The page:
I'm a psychiatrist who blogs from Eugene, Oregon. I'm surprised to be over here! (I've never "guest-blogged" before.) I think I'll be posting the way I usually do, but I'll have an eye out for more medically-oriented topics. (I'm especially interested in how people cope with all sorts of things, including medical problems...)
I will be away for a few days. But fear not, loyal readers - our favorite blogging psychiatrist, shrinkette, will kindly be guest-blogging in my absence. Enjoy!
Dr. Craig Hildreth, The Cheerful Oncologist, will also be guest-blogging. Enjoy both of these unique medical blogging voices in the next few days.
A woman who had suffered a massive heart attack died after hospital personnel moved her out of a trauma room to accommodate a flu-stricken Michael Jackson
Big surprise, the family is now suing Jackson and the hospital. Chris Rangel comments:
The problem is that like the majority of medical lawsuits this case has little if any merit. It is standard procedure to disconnect the patient from the ventilator and ventilate ...
2,000 defibrillators are being recalled
"The company said the machines may not correctly analyze a patient's
heart rhythm, possibly preventing the machine from defibrillating the
heart when it is needed."
The complex manual dexterity required to be a stellar video gamer and minimally invasive surgeon are strikingly similar
"Dr. Rosser, 50, practices what he preaches. He keeps an Xbox, along with PlayStation 2 and GameCube consoles, just a few strides from the operating room so he can warm up with a favorite, Super Monkey Ball, just before surgery."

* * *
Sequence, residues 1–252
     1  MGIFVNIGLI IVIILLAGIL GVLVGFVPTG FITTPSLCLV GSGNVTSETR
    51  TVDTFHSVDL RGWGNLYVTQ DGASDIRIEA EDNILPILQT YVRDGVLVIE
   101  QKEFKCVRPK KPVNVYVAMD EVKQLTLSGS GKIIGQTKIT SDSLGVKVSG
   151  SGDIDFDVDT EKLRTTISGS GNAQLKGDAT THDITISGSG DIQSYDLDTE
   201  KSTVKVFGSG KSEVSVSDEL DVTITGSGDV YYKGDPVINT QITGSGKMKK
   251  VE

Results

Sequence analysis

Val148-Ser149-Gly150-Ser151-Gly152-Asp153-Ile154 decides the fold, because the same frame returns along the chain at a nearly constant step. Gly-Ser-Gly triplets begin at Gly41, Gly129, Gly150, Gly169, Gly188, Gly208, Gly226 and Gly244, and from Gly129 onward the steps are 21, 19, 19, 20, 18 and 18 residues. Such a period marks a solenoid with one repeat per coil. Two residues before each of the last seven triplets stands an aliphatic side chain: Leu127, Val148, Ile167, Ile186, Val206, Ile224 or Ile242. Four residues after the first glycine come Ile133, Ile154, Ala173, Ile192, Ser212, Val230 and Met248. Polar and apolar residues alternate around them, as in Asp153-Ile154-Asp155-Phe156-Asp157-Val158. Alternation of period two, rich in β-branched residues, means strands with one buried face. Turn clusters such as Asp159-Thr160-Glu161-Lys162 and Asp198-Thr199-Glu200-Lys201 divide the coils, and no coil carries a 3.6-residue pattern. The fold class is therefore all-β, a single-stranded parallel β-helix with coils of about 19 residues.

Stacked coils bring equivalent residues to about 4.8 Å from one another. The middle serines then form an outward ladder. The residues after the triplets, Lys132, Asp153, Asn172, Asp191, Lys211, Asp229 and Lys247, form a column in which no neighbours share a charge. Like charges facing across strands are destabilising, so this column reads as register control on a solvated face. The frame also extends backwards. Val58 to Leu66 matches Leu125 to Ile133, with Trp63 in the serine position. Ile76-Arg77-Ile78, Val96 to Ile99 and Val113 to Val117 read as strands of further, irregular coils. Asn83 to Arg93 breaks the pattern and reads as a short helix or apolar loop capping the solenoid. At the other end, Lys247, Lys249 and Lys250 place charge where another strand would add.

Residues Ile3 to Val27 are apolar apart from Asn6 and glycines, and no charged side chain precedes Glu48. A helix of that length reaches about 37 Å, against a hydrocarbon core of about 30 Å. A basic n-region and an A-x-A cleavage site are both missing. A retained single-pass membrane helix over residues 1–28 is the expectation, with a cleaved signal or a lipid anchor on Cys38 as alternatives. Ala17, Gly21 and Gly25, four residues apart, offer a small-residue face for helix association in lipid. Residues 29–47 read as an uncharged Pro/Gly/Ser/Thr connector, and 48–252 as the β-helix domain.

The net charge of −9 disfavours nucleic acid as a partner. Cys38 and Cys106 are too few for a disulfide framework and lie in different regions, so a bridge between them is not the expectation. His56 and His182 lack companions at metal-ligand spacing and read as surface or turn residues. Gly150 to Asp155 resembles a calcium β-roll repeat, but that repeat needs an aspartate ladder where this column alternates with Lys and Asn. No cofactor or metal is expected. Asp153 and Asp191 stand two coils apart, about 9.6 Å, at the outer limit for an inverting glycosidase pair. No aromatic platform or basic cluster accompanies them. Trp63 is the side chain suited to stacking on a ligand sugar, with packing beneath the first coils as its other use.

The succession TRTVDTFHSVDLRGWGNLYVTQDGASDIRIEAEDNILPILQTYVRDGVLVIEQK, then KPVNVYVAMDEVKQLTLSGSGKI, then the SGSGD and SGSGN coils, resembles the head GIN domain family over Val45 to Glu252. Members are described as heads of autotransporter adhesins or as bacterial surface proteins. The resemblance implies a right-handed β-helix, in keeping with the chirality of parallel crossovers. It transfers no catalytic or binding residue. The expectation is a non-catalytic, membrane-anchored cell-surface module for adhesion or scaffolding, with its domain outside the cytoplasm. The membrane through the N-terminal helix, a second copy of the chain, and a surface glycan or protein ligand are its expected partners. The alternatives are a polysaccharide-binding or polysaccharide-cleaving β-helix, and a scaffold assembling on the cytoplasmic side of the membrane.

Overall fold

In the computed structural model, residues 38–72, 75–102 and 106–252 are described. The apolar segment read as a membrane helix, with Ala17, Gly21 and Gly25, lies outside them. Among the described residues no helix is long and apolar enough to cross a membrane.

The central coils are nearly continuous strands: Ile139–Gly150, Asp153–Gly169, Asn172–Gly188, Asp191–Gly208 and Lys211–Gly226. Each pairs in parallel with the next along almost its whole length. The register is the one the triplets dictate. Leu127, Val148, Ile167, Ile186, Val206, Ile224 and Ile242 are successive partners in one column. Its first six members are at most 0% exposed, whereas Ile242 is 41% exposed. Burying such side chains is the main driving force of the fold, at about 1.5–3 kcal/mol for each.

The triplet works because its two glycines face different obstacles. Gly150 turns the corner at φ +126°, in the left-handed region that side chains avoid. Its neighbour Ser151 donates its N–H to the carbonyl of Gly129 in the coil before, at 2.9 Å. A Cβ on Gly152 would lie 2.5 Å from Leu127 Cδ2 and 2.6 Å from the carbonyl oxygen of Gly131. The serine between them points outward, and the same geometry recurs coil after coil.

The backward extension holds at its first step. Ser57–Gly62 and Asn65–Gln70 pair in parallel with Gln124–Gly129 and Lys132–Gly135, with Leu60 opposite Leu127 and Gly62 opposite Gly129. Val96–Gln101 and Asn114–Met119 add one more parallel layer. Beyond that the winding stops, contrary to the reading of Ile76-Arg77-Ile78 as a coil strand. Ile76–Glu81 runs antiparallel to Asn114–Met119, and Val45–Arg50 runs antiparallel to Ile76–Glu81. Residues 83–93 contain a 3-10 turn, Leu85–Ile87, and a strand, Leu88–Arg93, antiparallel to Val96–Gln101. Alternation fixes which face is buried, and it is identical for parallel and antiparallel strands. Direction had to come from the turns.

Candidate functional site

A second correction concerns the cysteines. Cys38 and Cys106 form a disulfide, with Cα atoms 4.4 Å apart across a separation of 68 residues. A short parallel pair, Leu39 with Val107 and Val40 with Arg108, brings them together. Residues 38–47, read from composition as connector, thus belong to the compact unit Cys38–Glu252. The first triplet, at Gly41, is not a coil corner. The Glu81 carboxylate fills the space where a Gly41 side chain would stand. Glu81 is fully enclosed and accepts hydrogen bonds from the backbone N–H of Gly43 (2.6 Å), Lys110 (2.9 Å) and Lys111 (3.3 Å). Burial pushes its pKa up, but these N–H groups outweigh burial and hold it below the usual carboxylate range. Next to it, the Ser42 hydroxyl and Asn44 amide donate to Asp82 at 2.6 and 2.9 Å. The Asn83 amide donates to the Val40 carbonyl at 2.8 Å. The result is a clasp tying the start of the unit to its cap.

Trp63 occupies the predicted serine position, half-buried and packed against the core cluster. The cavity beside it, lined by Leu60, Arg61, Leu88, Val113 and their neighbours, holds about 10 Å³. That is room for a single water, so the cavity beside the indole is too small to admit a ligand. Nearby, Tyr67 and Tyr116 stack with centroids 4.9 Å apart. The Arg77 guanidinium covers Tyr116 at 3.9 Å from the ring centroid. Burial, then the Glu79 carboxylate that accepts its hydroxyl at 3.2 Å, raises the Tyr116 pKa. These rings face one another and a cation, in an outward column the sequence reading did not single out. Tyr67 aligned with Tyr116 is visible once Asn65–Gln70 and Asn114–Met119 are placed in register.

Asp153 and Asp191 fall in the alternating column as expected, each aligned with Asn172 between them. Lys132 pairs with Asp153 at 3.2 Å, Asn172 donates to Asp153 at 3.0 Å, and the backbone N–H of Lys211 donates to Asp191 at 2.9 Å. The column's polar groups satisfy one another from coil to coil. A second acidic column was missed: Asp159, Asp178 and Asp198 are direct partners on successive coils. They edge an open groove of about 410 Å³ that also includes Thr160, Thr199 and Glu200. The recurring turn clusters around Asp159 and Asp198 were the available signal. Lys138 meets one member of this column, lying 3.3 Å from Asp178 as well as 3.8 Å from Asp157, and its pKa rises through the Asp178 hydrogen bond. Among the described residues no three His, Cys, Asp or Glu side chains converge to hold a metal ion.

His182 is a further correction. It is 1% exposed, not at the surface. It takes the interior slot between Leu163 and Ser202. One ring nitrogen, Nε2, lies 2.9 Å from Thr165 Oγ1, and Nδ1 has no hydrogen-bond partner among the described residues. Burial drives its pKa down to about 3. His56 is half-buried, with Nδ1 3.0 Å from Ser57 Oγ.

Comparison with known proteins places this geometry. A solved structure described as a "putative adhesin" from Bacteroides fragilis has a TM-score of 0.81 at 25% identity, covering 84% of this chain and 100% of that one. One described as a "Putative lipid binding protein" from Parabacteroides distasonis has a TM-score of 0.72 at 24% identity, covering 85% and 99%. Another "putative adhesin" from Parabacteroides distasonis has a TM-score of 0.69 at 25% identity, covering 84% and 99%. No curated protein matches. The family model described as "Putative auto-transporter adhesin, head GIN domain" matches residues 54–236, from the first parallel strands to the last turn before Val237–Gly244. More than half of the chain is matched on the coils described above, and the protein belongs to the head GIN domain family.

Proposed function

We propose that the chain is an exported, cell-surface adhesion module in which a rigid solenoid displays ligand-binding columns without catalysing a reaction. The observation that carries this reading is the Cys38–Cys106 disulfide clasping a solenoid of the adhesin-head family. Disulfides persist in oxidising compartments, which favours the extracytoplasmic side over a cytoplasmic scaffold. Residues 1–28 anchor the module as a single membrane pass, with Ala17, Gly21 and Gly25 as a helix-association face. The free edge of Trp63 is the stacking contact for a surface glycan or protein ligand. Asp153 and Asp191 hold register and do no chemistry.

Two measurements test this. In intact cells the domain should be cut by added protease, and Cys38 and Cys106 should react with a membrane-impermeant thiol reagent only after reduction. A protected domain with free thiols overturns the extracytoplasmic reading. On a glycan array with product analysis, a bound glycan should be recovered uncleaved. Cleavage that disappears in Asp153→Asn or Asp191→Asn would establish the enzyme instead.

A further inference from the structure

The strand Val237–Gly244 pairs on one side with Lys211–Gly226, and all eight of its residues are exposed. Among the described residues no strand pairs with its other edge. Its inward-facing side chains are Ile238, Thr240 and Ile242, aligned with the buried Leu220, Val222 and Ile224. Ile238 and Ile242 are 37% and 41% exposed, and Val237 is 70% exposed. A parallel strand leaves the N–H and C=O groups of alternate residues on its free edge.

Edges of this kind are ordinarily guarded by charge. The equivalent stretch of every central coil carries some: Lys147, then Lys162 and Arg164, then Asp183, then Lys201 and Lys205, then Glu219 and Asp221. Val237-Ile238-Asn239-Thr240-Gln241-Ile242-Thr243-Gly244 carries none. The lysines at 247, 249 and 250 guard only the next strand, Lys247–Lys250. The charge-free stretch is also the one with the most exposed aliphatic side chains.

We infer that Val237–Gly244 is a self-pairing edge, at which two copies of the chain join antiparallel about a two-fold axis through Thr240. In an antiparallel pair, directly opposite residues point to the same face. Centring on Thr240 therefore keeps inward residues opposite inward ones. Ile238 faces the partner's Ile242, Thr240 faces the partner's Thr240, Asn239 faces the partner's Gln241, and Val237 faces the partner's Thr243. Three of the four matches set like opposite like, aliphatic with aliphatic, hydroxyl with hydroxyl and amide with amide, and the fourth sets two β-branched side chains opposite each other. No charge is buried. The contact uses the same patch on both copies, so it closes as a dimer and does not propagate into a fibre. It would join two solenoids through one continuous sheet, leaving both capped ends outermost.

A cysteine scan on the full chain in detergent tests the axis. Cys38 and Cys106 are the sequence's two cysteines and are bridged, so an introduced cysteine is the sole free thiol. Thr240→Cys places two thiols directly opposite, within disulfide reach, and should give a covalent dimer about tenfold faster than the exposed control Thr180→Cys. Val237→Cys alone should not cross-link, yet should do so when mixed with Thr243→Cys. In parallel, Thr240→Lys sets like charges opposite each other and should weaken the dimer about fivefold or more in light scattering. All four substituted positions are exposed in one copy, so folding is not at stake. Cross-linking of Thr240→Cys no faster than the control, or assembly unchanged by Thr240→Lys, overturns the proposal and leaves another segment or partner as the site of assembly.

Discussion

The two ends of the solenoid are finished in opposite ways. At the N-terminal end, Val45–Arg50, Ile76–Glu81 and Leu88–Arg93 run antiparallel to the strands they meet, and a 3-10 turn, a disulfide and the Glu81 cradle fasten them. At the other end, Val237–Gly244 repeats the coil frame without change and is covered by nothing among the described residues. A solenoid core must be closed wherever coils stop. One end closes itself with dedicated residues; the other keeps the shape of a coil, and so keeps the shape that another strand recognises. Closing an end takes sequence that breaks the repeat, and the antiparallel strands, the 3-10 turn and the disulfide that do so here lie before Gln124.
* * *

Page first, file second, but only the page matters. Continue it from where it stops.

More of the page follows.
"Soul murder is a small price to pay for a good story."
An essay criticizing the media's often tabloid-like coverage of health information. After all, stories about catastrophes sell more papers than those about safe care. Some points:
Professor Tallis said there had been many other instances of "disgraceful" treatment in the press, with the "unhuman pursuit of the human story." He said, "Numerous doctors have been hounded and when ...
Does Hollywood accurately portray disease?
Not surprisingly, the answer is more than likely, no.
In the UK, 17,402 operations were cancelled at short notice for non-clinical reasons during a four-month period
"Operations may be cancelled at the last minute if a bed is no longer going to be available, or if staff are needed elsewhere."
It took one year to recruit a neurosurgeon in Illinois after his predecessors left due to a hostile malpractice climate
"I didn't think we'd be able to do it this rapidly."
Malpractice rates in Texas will decrease an average of 14 percent
"The Doctors Company, a physician-owned medical malpractice carrier, will file with the Texas Department of Insurance to decrease its average rate level.
Ninety percent of the company's current Texas insureds will receive rate reductions. Although some reductions will range up to 30 percent, the average decrease for insureds at $200,000/$600,000 limits of liability is 14 percent."